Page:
New details have emerged about the Sandy Hook Elementary School shooting that took the lives of 20 children and six adults last December.
The Hartford Courant paints a chilling picture in describing the state of accused killer Adam Lanza's bedroom following the massacre.
Via the Courant:
Investigators who entered Adam Lanza's home after he shot and killed 20 first-graders and six adults at Sandy Hook Elementary School on Dec. 14 found his bed neatly made. An armoire held five matching tan-colored shirts with five pairs of khaki pants. Black garbage bags sealed with duct tape covered the bedroom windows.
The paper, which obtained the information via law enforcement sources, reports that a nearly empty cereal bowl was found near damaged computer parts that had apparently been smashed with a barbell.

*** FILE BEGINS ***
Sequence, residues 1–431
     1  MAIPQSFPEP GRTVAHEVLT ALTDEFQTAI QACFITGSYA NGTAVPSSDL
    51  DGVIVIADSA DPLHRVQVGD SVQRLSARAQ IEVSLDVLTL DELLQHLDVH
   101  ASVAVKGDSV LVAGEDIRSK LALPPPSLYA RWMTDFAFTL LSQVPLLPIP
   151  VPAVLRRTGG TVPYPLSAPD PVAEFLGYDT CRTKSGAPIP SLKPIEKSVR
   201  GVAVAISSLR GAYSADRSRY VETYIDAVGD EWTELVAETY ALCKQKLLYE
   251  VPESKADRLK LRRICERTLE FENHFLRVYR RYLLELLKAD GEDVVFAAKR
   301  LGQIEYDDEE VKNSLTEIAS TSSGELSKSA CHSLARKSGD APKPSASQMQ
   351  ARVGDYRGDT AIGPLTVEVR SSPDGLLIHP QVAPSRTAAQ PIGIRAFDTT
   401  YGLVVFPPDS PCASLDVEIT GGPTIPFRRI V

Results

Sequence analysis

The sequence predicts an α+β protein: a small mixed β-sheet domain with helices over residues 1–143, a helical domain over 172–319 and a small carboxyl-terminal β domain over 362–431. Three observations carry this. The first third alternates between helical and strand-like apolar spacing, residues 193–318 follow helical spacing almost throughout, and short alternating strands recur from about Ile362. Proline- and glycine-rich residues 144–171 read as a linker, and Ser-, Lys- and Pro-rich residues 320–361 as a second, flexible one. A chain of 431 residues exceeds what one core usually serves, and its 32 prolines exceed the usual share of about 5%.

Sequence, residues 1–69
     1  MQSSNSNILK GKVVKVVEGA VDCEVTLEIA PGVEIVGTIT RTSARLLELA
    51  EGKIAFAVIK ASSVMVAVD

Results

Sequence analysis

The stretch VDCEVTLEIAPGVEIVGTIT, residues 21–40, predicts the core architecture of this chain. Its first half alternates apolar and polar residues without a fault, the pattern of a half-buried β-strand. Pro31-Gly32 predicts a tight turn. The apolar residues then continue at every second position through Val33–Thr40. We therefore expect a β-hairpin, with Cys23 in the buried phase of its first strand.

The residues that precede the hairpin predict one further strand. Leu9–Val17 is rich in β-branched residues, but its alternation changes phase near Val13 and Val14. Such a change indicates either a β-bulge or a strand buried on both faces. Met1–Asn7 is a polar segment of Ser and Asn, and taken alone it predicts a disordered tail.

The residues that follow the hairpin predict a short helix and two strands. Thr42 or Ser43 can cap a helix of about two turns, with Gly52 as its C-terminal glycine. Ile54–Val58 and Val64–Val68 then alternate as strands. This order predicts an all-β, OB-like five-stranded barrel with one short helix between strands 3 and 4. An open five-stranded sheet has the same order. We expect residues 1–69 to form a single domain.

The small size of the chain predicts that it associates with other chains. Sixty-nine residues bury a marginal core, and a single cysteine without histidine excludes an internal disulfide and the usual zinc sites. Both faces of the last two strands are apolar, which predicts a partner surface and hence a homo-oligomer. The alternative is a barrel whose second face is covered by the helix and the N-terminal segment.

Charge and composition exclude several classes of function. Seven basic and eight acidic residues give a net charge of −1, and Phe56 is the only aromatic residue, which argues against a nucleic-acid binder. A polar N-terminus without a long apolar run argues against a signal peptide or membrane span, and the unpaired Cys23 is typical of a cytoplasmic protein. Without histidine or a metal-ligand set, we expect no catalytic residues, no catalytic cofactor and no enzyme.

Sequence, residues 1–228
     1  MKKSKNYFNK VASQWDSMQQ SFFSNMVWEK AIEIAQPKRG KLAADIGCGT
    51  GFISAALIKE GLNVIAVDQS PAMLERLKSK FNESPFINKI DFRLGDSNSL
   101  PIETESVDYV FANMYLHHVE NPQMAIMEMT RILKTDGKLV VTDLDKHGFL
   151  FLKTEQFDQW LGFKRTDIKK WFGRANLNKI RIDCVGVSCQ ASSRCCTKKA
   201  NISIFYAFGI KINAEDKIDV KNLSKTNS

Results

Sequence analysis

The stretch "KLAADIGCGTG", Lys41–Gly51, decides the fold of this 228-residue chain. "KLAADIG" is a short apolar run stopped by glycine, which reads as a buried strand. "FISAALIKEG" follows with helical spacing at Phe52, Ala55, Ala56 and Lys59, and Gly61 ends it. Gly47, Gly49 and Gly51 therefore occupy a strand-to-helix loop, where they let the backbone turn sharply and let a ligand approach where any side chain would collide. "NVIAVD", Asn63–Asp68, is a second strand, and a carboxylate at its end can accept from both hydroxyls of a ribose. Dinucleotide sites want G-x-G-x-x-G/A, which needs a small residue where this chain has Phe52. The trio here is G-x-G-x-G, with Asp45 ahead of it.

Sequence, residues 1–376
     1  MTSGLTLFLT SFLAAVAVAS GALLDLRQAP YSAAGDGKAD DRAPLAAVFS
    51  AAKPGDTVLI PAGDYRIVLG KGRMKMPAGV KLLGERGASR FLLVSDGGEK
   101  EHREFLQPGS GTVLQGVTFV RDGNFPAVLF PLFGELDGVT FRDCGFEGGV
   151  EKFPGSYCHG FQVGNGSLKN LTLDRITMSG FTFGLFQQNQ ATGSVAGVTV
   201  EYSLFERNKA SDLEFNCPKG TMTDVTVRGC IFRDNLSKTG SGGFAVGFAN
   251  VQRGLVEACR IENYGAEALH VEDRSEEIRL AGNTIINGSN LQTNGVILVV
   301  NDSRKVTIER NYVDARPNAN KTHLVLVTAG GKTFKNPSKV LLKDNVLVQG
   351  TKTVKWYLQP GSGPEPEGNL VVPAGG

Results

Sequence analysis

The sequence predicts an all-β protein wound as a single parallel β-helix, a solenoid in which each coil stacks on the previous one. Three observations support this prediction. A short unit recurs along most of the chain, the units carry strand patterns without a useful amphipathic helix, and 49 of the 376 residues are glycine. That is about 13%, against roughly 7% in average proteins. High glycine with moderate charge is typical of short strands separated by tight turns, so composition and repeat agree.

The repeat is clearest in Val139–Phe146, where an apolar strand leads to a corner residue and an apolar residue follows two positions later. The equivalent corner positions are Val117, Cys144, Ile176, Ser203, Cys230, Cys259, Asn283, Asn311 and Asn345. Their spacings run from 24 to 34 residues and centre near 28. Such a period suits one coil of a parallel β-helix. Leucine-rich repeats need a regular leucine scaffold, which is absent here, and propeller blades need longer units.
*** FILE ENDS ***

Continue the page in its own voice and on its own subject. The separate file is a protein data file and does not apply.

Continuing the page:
During the shooting, a school secretary and nurse remained hidden in a closet in the office of the school principal, Dawn Hochsprung, unaware that police were using the office as a command center, the Courant reported.
The paper also explained that the FBI is continuing to use "sophisticated sound technology" to analyze Lanza's movements that morning.
Sources said the secretary in the main office did not hang up the phone after calling 911 and federal authorities are trying to use the sounds recorded through that open landline to help chart Lanza's movements in hopes of better understanding his actions.
Other revelations include the way in which Lanza parked his car at the school on the morning of the shooting. A source told the Courant that Lanza "parked his car in a way that could have set him up to ambush responding police officers."
Investigators also learned by interviewing surviving children that some of the first-graders in Victoria Soto's classroom were holding hands during the attack and were outside of Lanza's "initial line of fire." After Lanza's gun jammed, six of the children ran to safety.
Earlier this month, residents of Newtown voted to demolish Sandy Hook Elementary School and build a new school. Crews hired to demolish the building were required to sign confidentiality agreements that would bar them from photographing the site.